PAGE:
United Kingdom Prime Minister Theresa May could be ousted from her role by her own party as early as Dec. 12 in a Conservative (“Tory”) Party procedure that would result in a “no-confidence” vote in her.
While May’s downfall has been predicted many times since she assumed the top U.K. executive role in 2016, this is the first time enough private and public opposition appears to have materialized to force her ouster, including key party figures openly stating their lack of confidence in her leadership.
Unless a majority of Tory members of Parliament (MPs), who number 315 or 48.5% of the chamber, pass a vote of confidence, she must resign as leader of the party. Loss of that role results in her ouster as prime minister as well.
That loss leads to a leadership election by the Tories from which May is excluded by party rules. The winning member becomes prime minister without a general election. A prime minster is also an MP, and retains her or his parliamentary position as the de facto head of government so long as they retain control of the governing party.
This is distinct from a no-confidence vote in Parliament, in which the government in power fails to achieve a majority of all members on certain motions, or an opposition motion expressing censure receives a majority. In both cases, the government must resign or call an immediate “snap” election. Such efforts are rarely successful, prevailing previously most recently in 1979 and 1924.
Among opposition parties, the Labour Party (with 257 seats) has hinted at issuing such a parliamentary motion, while the Scottish National Party, the next largest with 35 seats, has openly stated it would support one.
The most recent time a party changed leadership without a general election, May succeeded David Cameron, who resigned in 2016 after betting that a majority of U.K. citizens would vote in favor of remaining in the European Union and against the U.K.’s exit from the E.U., known as “Brexit.” However, a small majority chose the “leave” option in the vaguely stated non-binding referendum. May was elected by her party as leader.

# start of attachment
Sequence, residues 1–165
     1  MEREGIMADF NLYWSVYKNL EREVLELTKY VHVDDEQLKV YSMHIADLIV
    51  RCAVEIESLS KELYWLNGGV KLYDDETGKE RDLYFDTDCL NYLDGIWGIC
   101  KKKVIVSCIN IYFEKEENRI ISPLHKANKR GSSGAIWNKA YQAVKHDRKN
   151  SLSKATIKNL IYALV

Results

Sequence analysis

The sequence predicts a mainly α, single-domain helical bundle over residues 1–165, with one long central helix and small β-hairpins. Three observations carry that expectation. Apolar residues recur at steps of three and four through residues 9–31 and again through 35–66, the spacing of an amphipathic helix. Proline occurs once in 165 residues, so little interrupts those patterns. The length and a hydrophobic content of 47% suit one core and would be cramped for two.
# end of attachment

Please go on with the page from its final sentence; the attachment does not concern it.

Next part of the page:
The 1922 Committee, a group within the Tory Party, has the power to trigger a party vote of no confidence if at least 48 members submit private letters asking for the vote. Several reports indicate that as many as 53 letters have been received, including from some who have publicly denounced May’s leadership. If a vote is called, it is unlikely May would receive the necessary majority vote, and the Tories would elect a new leader.
May has held tenaciously on to power following a disastrous general election she called for June 2018 that caused the Tories to lose its majority in Parliament, and required it to form a coalition with the hard-right unionist Protestant party in Northern Ireland that holds just a few seats and extreme positions relative to the Tories.
She continued to keep her position as prime minister during lengthy and contentious negotiations with the E.U. over “Brexit,” despite a lack of clarity during most of the time as to what a final Brexit would look like. Both successive cabinet members in charge of negotiating Brexit have resigned.
However, opposition to May has reached a fever pitch in recent days, as an agreement on terms for Brexit with the E.U. failed to meet the demands of “hard” Brexit backers, who want a complete split, while retaining nearly full opposition from “Remainers,” who never wanted to leave the E.U. in the first place.